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Jules Verne Trophy: Sodebo and Gitana crews eye record sub-forty-day lap of the planet

Jules Verne Trophy

The solo Vendee Globe skippers may be grabbing all the headlines out on the Atlantic right now, but back in France two other major sailing teams are readying themselves and their 100-foot Ultim trimarans for separate attempts at setting a new fully crewed around-the-world record.

The two syndicates, Sodebo and Gitana, are close neighbours on the waterfront in Lorient in Brittany – a city universally accepted as the spiritual home of professional ocean racing. Each are have developed gigantic state-of-the-art ocean-going foiling trimarans for their around-the-world record attempts and are led by giants of the French offshore racing scene.


At stake now is the Jules Verne Trophy for the fastest circumnavigation of the world aboard a sailboat of any size and with no restriction on the number of crew.

Sodebo skipper Thomas Coville has raced around the world seven times already, including a then record-setting solo circumnavigation of just over 49 days in 2016.

Meanwhile, the Gitana Sailing Team is jointly led by serial ocean racing record setter Franck Cammas and co-skipper Charles Caudrelier. In 2012 pair won the Volvo Ocean Race together at their first attempt aboard Groupama 4, with Caudrelier claiming victory again in 2017-18 as skipper of Dongfeng Race Team.

While Cammas and Caudrelier have assembled a crew of just three more (French) sailors – Morgan Lagravière, Erwan Israël and David Boileau – plus Yann Riou (FRA) as their media man, Coville is taking six other sailors with him (five French and one British): Francois Duguet, Sam Goodchild (GBR), Corentin Horeau, Francois Morvan, Thomas Rouxel and Matthieu Vandame – with Martin Keruzore (FRA) in the media man role.

The Jules Verne Trophy course begins and ends at the western end of the English Channel between the Créac’h lighthouse on the French island of Ushant and the Lizard Light at the south west tip of England. The route takes the competitors through the infamous Southern Ocean down below all the world’s three great capes – Good Hope (South Africa), Leeuwin (Australia), and Horn (South America), with no ice gate restrictions imposed on the challengers.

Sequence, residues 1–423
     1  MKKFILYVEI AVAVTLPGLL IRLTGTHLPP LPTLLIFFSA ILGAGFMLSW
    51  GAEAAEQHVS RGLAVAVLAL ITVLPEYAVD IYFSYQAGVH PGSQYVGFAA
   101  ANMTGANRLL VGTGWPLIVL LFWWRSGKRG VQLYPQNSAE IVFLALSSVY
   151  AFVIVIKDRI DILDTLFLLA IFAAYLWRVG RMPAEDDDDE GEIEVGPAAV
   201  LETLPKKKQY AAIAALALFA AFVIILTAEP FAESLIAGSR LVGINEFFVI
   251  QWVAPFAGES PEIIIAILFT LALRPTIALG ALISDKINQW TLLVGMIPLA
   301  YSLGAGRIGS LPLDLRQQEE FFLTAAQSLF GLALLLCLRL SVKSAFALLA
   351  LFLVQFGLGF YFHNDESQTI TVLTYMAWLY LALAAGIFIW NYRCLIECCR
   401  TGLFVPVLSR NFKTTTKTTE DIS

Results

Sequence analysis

Named in reference to the author of the novel Around the World in Eighty Days the trophy was first awarded in 1993 to Bruno Peyron and his crew aboard the 86-foot catamaran Explorer who went around in 79 days 6 hours 15 minutes 56 seconds.

The current holder is French skipper Francis Joyon and the crew of IDEC who in 2017 tore around the world in just 40 days, 23 hours, 30 minutes, 30 seconds.

Now the Gitana and Sodebo squads are targeting a sub-forty-day lap of the globe aboard their flying multihulls that are capable of cruising at speeds in region of 35 to 40 knots.

They each can leave whenever they choose, however, before they can entertain any thoughts of record setting runs, both teams know they need a close to perfect weather window during which to mount their challenges.

The Gitana crew have been on standby since November 1 and even moved last weekend to Code Orange signifying a possible departure within 72 hours. However the once favourable weather scenario which could have seen them depart on Wednesday November 18 soon deteriorated, pushing the team back to Code Black – meaning no option to depart within 96 hours (four days).

Meanwhile, following the completion of repairs to one of their foils after a collision with an unidentified floating object during on a training run in October, Coville’s Sodebo team plan to go into standby mode before the end of November.

Both teams know all too well how well they will have to sail and how accommodating the weather gods will have to be to beat Joyon’s current record time.

The remarkable target times being discussed by Cammas and Caudrelier for the opening north and south Atlantic sections of the course give a clear indication of how little margin for error there is, with just five days being targeted for the run to the equator, and a further six days to pass by the Cape of Good Hope.

Main images © Martin Keruzore/Sodebo and Yann Riou/Gitana